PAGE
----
Student Faces Expulsion for Facebook Study Group 554

Pickens brings news that a student at Ryerson University is facing 147 counts of academic misconduct after helping to run a chemistry study group through Facebook. School officials have declined to comment, but students are claiming that it is simply a valid studying technique in the information age. Quoting: "Avenir, 18, faces an expulsion hearing Tuesday before the engineering faculty appeals committee. If he loses that appeal, he can take his case to the university's senate. The incident has sent shock waves through student ranks, says Kim Neale, 26, the student union's advocacy co-ordinator, who will represent Avenir at the hearing. 'That's the worst part; it's creating this culture of fear, where if I post a question about physics homework on my friend's wall (a Facebook bulletin board) and ask if anyone has any ideas how to approach this - and my prof sees this, am I cheating?' said Neale, who has used Facebook study groups herself."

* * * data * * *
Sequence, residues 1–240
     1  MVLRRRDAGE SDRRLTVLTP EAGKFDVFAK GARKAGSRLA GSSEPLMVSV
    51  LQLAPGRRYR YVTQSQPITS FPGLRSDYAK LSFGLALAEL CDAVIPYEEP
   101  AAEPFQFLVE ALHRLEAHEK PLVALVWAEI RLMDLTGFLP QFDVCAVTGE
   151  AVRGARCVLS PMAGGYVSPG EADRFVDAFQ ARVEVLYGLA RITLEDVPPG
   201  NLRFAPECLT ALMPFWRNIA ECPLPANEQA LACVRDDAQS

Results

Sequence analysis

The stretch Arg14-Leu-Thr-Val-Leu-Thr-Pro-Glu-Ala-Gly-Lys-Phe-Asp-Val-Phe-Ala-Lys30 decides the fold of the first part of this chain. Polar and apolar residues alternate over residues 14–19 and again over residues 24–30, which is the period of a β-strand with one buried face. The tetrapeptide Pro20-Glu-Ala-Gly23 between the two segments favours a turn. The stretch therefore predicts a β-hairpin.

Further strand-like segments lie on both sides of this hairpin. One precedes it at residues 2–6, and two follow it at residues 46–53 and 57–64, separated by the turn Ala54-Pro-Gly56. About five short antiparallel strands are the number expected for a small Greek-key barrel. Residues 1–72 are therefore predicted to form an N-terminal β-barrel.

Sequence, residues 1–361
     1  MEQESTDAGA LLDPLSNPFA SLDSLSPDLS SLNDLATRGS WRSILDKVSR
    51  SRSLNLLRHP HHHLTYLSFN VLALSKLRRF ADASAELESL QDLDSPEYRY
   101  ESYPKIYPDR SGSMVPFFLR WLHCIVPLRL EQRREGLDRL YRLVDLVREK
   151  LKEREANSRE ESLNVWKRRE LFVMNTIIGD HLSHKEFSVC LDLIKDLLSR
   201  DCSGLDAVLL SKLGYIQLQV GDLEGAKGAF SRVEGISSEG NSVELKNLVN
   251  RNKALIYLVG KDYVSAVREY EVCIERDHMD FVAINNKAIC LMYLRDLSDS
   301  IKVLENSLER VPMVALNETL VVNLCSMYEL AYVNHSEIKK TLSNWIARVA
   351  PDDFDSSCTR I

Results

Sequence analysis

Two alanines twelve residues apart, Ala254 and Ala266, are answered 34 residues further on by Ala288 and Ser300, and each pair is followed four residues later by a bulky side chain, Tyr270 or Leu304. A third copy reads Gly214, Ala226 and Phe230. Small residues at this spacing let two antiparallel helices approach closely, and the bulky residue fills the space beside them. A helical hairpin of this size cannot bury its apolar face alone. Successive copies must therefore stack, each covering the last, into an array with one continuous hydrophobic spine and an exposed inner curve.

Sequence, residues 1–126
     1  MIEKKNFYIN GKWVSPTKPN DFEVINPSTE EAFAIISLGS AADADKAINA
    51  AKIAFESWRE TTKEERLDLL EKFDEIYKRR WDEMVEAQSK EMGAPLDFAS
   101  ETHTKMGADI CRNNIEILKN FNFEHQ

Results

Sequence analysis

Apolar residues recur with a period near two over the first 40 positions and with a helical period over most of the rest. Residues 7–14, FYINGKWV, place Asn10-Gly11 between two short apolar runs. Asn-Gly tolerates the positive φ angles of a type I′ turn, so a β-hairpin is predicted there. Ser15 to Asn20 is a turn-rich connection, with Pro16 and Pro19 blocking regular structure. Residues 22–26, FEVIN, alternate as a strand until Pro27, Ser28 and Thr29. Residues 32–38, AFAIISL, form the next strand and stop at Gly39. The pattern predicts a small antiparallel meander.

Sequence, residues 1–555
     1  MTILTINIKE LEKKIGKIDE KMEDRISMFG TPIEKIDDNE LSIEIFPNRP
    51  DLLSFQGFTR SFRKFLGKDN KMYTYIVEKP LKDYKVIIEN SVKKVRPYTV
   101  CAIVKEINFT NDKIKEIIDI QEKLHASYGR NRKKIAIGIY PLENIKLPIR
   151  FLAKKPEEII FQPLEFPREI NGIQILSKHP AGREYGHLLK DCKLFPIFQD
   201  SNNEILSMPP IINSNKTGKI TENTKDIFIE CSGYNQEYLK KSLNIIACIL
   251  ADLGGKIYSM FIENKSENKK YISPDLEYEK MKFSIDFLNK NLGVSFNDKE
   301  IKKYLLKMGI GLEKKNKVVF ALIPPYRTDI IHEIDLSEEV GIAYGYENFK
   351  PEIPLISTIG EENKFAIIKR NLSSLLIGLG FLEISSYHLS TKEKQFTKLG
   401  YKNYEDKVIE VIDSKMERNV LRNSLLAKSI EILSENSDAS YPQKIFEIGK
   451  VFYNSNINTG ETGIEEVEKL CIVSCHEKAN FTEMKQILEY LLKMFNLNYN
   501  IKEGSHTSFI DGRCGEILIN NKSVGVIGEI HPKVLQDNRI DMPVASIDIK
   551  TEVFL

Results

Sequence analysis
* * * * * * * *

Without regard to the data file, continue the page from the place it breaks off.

Social Networks

Facebook Scrabble Rip-off Capitalizes on Mattel's Lethargy 216

mlimber writes "The Facebook app Scrabulous was written by two Scrabble-loving brothers in India, has over 700,000 users, brings in about $25,000 per month in advertising revenue, and is in flagrant violation of copyright law. The corporate owners of Scrabble, Hasbro and Mattel, have threatened legal action against the creators and have made deals with Electronic Arts and RealNetworks to release official online versions of the game. But according to an NYTimes article, 'Scrabulous has already brought Scrabble a newfound virtual popularity that none of the game companies could have anticipated,' and according to one consultant to the entertainment industry, 'If you're Hasbro or Mattel, it isn't in your interest to shut this down.' Hasbro's partner RealNetworks is 'working closely' with the piratical brothers, but Mattel says that 'settling with the [brothers] would set a bad precedent' for other board games going online."
Social Networks